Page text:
Although anticoagulation without hemorrhage is a primary aim, this vision has remained as yet out of reach. Even despite the superior safety profile of the direct oral anticoagulants, hemorrhage remains a major risk of anticoagulation. Selective inhibition of the contact pathway of coagulation, specifically coagulation factor XI (FXI) and/or factor XII (FXII), has now substantial epidemiologic and preclinical data supporting the notion that these factors contribute to pathologic thrombosis and are yet primarily dispensable for in vivo hemostasis. In this way, targeting FXI and FXII may revolutionize the future anticoagulation landscape. Several drugs are under development for this purpose, including: ISIS 416858, a FXI antisense oligonucleotide which impairs hepatic synthesis of FXI; MAA868, a monoclonal antibody that binds the procoagulant enzymatic site of both zymogen and activated FXI (FXIa); BAY 1213790, a monoclonal antibody that binds the procoagulant enzymatic site of FXIa only; and AB023, a monoclonal antibody that inhibits activated FXII-mediated activation of FXI, along with two small molecules in clinical trials. Each of these drugs have demonstrated favorable safety profiles in their phases 1 and 2 studies to date, with preclinical data also supporting efficacy of abrogating thrombosis in various animal models. Other benefits of some of these drugs include once-monthly dosing and safety in patients with renal or hepatic impairment, while others offer quickly metabolized parenteral options, thus providing more convenient and widely available anticoagulation options. Though still far from the marketplace, drugs targeting FXI and FXII have the potential to usher in a new era of anticoagulation therapy.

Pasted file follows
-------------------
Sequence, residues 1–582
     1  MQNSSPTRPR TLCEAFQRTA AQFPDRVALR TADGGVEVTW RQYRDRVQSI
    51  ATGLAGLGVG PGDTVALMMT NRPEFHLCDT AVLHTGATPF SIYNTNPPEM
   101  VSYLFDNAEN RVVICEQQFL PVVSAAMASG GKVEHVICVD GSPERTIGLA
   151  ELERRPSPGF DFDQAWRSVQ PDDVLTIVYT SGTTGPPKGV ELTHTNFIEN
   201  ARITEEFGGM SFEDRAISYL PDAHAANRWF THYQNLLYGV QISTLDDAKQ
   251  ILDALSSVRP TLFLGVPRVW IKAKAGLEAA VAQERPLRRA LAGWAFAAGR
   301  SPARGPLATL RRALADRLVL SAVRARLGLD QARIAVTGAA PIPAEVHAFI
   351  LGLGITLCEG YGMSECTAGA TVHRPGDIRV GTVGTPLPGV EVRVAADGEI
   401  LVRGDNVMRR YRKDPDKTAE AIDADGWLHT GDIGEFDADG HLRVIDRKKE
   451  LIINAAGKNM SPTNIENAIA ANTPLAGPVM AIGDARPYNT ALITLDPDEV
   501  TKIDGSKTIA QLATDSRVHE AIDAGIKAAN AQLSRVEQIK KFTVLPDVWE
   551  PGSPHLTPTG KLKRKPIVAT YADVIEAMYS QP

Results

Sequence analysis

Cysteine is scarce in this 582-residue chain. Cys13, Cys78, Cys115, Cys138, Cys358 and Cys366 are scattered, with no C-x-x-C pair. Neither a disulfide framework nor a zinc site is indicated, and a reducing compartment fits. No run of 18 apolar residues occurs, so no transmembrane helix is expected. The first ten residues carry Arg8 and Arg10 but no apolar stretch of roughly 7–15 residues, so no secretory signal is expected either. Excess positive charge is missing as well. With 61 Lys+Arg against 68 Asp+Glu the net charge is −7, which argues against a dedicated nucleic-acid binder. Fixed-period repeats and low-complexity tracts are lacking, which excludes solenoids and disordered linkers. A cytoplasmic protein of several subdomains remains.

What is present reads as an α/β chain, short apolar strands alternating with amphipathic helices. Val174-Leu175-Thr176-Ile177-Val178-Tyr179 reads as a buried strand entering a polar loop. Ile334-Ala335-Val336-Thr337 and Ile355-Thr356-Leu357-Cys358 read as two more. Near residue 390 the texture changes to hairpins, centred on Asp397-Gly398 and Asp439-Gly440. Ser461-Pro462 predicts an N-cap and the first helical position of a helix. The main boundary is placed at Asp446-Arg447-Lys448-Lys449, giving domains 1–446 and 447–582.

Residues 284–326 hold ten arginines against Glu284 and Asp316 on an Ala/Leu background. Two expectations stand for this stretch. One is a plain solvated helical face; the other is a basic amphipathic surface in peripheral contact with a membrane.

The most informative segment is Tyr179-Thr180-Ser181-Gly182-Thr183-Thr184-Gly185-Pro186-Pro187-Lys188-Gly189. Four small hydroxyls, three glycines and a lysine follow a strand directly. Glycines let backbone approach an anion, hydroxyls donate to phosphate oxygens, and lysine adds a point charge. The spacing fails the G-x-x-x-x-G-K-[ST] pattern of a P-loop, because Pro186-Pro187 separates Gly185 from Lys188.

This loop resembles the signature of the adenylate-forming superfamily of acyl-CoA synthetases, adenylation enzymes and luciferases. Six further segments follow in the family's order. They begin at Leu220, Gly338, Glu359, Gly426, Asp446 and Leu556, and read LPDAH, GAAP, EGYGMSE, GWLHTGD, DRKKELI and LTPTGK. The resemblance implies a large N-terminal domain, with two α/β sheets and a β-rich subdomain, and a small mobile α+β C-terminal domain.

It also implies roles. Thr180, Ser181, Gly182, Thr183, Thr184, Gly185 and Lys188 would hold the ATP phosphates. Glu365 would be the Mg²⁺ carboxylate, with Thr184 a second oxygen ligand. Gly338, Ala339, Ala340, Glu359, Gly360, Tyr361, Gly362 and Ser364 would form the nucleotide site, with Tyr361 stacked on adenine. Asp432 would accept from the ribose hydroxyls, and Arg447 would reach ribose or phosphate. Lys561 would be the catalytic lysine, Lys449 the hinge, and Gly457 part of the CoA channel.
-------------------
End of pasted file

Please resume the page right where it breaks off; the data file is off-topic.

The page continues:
- contact pathway
- factor XI
- factor XII
ASJC Scopus subject areas
- Cardiology and Cardiovascular Medicine